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Canku Ota

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(Many Paths)

An Online Newsletter Celebrating Native America


March 20, 2004 - Issue 109


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Navajo First Lady Offers MADD Message to Kids

by Pamela G. Dempsey - Diné Staff, Gallup Independent
credits: Navajo Nation First Lady Vicki Shirley reaches out to shake hands of the children who attended her MADD presentation Wednesday at the Lukachukai Community School. (Photo by Craig Robinson/Independent)

LUKUCHUKAI — More than 400 students at Lukuchukai Community School got an earful of MADD Tuesday from Vicki Shirley, the first lady of the Navajo Nation.

As a representative of the Mothers Against Drunk Driving organization, Shirley has visited several elementary schools around the Navajo Nation reminding kids the dangers of drinking and driving.

"The important thing is not to get involved with alcohol," Shirley said.

President Joe Shirley Jr. joined his wife at Lukuchukai to talk about how they coped with the loss of their daughter, Tona Vee Shirley-Paymella, who was killed by a drunk driver the day after Thanksgiving in 2001. The students also watched a video presentation which spotlights the president's mission.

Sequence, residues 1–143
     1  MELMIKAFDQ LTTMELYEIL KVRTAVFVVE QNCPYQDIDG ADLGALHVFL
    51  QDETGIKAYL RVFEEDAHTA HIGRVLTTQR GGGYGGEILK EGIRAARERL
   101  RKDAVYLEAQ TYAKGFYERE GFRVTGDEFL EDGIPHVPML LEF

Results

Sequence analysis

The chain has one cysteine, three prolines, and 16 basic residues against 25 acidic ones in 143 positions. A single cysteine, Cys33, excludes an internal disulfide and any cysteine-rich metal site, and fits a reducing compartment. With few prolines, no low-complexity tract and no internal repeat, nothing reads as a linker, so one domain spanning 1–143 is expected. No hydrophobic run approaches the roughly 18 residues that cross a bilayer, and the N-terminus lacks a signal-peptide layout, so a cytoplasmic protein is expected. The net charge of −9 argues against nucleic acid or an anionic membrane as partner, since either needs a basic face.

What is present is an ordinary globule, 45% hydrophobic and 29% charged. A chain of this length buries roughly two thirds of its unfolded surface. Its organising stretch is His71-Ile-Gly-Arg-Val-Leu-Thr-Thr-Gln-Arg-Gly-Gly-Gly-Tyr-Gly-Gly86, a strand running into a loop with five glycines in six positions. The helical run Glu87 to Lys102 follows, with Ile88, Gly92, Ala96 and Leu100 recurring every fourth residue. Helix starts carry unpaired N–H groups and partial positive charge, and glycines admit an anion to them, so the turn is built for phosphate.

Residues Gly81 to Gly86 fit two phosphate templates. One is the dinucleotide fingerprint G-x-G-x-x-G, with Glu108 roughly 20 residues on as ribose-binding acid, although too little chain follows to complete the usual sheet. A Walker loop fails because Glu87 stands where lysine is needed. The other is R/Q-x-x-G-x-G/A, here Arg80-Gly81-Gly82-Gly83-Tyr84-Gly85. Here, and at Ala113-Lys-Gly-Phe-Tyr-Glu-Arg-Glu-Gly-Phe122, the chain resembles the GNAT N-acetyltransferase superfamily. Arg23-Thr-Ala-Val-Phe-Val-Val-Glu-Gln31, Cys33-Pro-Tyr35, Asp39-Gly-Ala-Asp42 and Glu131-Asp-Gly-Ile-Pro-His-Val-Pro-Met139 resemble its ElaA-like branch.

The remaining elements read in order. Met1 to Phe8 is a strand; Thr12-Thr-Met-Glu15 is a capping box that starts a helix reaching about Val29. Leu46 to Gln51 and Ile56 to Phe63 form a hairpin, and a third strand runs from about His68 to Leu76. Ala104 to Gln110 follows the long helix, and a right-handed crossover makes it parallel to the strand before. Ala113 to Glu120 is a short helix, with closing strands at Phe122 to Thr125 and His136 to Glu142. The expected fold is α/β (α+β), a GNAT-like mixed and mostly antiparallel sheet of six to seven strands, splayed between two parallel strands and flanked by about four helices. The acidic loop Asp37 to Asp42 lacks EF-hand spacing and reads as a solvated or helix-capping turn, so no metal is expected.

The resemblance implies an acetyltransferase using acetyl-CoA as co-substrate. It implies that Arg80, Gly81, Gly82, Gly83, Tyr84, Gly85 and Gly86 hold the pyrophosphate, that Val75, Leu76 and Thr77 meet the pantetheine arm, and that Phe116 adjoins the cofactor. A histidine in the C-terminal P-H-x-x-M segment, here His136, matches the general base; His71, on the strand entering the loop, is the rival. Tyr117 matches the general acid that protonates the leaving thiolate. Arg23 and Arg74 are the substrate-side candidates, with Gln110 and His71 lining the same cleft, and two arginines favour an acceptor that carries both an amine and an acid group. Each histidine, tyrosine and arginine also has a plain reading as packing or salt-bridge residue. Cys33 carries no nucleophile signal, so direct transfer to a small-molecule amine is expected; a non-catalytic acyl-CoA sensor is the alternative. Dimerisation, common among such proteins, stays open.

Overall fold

"I was so devastated that I didn't think I could go on," president Shirley said in the video. "But after some time, I decided I had to continue for my beautiful angel Tona. I just couldn't sit back and let drunk drivers continue to shatter other families."

His wife said MADD's goal is to educate what happens if you drink.

"We're targeting underage drinking," she said.

Shantia Bahe, a 14-year old student at Lukuchukai said the first lady's presentation was good and that she found it useful.

"She said 'stay away from drunk driving,'" Bahe said.

The students are scheduled for spring break next week and their principal, Herb Harvey, said the presentations, one of few assemblies the school allowed its 420 students to attend, was timely.

"I thought it was beneficial before the students go into their spring break, it's a preventative type of service" Harvey said. "Ms. Shirley is from here, and the students really identified with was like a homecoming."

President Shirley signed a proclamation with the nationally-known MADD in February 2003 to stop drunk driving and prevent underage drinking. Shirley said earlier that the Navajo Nation Law Enforcement received 37,000 calls in 2002 for alcohol-related incidents.

The first lady established the tribe's first MADD chapter in Window Rock and is pushing to develop more MADD chapters throughout the Navajo Nation. The development of the Crownpoint MADD Chapter, the first on the New Mexico side of the reservation, was organized by Alberta Becenti who witnessed firsthand the effects drunk driving had on innocent victims.

"As adults, it's our responsibility to protect our children and our community from drunk driving," Becenti stated in a press release last year.

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